Monthly Archives: May 2011
This the most common question…and for some reason, it sounds like a complaint.
Why should the length of a book need justification? If a reader derives satisfaction, not from the number of books read, but from the entertainment value of each story, a book’s length is not relevant. Thus, my answer is simple. It is as long as it needed to be.
The plot of “Field of Orbs” is a puzzle, which builds through combining eight original storylines. These independent stories introduce the key characters and show their interaction with their universe. Through a common disaster, the lives of these characters combine into a single thread.
The story examines the personal interrelationships of the characters under various conditions. New friendships form and old friendships are tested. Tragedy and terror test their resolve. Trust, love, hope, passion and betrayal manipulate their lives and the emotions of the entire world. Altruism rises from despair, only to suffer the challenges of survival.
As with any book, by the time the story plays out, that is the length it becomes.
Nevertheless, when I read a book, I sometimes reach the end and feel a bit cheated. I close the book, wishing I could still experience the story. Longer stories don’t have quite the same degree of that feeling, even when I didn’t want the story to end.
While writing “Field of Orbs”, I hadn’t read much of the story for several years. When I completed writing the final chapters, I read it from beginning to end with no breaks.
On finishing the story, I found I didn’t want it to end. It was fun and I noticed I missed the feel of being involved in the lives of the characters.
So, though it looks like a long story due to the total number of words, “Field of Orbs” is simply an anthology of several converging stories that become inseparable as the main plot grows to a fever pitched adventure.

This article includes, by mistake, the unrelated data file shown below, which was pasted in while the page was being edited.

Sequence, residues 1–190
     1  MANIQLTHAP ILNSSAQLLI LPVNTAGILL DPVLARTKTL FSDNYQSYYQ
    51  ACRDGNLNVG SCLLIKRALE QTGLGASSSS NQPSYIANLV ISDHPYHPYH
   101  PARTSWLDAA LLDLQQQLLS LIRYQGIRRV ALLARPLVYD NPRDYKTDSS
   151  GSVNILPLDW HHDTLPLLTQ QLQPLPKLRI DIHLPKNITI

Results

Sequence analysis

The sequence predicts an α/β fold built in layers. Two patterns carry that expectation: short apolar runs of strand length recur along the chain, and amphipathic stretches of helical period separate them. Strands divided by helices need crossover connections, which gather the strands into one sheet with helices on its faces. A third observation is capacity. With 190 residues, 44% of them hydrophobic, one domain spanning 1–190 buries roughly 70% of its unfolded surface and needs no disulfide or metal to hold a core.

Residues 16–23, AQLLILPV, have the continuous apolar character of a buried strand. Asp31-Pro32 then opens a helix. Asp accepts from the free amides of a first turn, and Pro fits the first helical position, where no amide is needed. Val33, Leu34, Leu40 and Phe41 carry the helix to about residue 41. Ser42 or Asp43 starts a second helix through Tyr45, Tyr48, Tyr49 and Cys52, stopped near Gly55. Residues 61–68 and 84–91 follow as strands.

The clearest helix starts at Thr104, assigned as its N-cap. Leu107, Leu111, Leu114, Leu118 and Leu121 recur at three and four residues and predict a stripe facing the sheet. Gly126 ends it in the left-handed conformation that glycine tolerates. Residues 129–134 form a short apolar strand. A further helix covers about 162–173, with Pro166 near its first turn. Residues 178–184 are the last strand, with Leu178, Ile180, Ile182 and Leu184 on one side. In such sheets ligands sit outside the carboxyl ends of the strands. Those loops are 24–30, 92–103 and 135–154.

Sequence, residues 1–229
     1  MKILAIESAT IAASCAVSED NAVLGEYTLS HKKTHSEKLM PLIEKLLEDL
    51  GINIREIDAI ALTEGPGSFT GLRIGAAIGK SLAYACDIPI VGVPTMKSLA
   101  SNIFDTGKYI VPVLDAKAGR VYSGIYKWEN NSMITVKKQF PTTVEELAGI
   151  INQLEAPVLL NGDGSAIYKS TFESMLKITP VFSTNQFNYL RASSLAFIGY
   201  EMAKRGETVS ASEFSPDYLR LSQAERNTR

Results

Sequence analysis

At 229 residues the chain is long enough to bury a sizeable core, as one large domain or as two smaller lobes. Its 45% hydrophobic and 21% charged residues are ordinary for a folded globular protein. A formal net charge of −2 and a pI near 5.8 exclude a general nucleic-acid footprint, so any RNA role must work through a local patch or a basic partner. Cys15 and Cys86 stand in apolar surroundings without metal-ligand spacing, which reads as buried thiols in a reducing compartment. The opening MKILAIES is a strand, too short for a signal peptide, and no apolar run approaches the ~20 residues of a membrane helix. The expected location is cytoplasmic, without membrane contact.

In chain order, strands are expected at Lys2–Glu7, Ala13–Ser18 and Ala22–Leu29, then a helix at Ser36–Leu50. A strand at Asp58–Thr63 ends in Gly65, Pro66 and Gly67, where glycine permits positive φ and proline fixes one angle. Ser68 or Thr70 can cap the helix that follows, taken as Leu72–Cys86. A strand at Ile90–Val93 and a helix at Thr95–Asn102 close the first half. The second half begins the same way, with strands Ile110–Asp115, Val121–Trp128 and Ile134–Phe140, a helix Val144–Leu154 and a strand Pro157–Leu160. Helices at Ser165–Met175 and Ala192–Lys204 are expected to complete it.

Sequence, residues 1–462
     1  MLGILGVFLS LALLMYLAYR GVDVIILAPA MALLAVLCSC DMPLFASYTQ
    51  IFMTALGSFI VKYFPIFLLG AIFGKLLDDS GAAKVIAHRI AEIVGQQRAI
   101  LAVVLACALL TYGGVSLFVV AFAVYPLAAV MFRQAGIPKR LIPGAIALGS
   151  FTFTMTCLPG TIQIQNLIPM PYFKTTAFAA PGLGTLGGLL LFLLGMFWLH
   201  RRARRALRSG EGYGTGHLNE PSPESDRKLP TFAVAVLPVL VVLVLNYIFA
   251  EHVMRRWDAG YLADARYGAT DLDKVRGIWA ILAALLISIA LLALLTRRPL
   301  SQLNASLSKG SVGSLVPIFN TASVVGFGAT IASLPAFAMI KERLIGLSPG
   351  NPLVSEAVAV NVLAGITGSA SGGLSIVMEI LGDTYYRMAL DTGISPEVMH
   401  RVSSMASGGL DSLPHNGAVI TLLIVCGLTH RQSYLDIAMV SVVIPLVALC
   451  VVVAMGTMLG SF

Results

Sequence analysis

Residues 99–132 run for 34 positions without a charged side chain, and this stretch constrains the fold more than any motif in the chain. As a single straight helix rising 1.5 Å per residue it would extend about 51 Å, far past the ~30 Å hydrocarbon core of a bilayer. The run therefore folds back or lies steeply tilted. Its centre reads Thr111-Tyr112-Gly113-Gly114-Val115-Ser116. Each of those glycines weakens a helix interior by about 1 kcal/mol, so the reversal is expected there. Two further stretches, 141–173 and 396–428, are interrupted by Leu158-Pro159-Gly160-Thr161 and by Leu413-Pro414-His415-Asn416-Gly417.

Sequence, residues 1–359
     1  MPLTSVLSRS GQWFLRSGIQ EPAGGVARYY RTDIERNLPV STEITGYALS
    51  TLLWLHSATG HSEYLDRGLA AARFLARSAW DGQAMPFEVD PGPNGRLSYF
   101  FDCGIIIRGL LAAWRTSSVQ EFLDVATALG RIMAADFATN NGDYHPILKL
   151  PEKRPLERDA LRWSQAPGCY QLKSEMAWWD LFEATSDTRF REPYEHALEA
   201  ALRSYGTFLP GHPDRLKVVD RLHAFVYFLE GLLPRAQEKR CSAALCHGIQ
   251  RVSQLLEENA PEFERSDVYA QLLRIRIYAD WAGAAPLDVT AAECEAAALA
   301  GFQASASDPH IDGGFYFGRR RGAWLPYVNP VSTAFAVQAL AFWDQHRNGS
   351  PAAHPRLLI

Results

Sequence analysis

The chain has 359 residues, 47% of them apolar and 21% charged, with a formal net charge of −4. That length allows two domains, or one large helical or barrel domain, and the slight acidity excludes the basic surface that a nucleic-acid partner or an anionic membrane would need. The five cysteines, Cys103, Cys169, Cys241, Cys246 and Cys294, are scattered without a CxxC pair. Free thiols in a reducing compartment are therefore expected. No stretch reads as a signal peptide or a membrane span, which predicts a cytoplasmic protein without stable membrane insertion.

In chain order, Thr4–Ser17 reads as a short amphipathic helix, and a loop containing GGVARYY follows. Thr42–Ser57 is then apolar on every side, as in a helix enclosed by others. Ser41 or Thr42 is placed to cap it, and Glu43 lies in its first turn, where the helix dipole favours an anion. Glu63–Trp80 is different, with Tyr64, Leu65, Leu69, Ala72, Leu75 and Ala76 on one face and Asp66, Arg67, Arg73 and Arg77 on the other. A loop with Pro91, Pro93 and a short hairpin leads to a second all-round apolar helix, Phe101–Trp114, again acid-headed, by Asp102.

If you have any thoughts on this topic, feel free to comment.
A number of readers have asked me questions about my book, “Field of Orbs”, relating to the characters and story. My hope for this blog is that I can answer those questions (when they don’t spoil the story) and provide insights to the process I used for writing this novel.
If you haven’t read the book, I’ll give a quick summary here.
The story begins at a key point in the exploration effort of two of the main characters, “Digger” and Sharon Krolier. They are searching the Amazon Jungle for the location of an ancient civilization.
An archeological artifact they stumbled upon earlier is their only hint of the existence of the place they are certain exists, yet they have only a vague idea where to search. Digger is driven to find the location because, judging by the sophistication of the relic, he believes they will find ancient ruins that contain the remains of the advanced civilization, a civilization he assumes perished long ago or everyone would know about it.
The quest to find the truth behind the relic leads them on a frustrating, yet amazing journey that ultimately changes the way they view their world.
The approach to developing “Field of Orbs” as a Science Fiction story was to keep the science low-key and a normal part of everyday life.
The technology moves ahead of technology available in 2010, only enough to enable some of the goals for the story. Many of the technologies were in their infancy, or were a natural evolutionary next-step, from when I researched for the story. Given that constraint, the adventure follows the lives of a number of characters as they experience exposure to multiple challenges.
The science aspect becomes more apparent in the next chapter when an Explorer is arriving at a planet for research. This introduces a few of the key technological accomplishments that support the rest of the story.
His personal logs contain insights to the torture of long duration spaceflight, his interests and his reason for being an Explorer. He explains much of the state of space technology and indicates, through interaction with his ship’s computer and video feeds from home, some of the social aspects of his home planet.
He knows little about the planet at this point, even with earlier visits by other Explorers. Previous attempts to land robotic probes were tantalizing, yet disappointing. The consensus of the researchers back home determined that a manned mission with newly designed probes could be more successful at such a distance.
All the information on the Explorer’s visit to this planet is from his personal logs, which is the method I used to present the entire story.
After that, we drop in on other lives to discover what they do and how they relate to their world. Some of them are making new discoveries that affect everyone on their world. The plot is how they deal with those discoveries and their success.
Thank you for your interest. Tell your friends.
Find the book at fieldoforbs.com.
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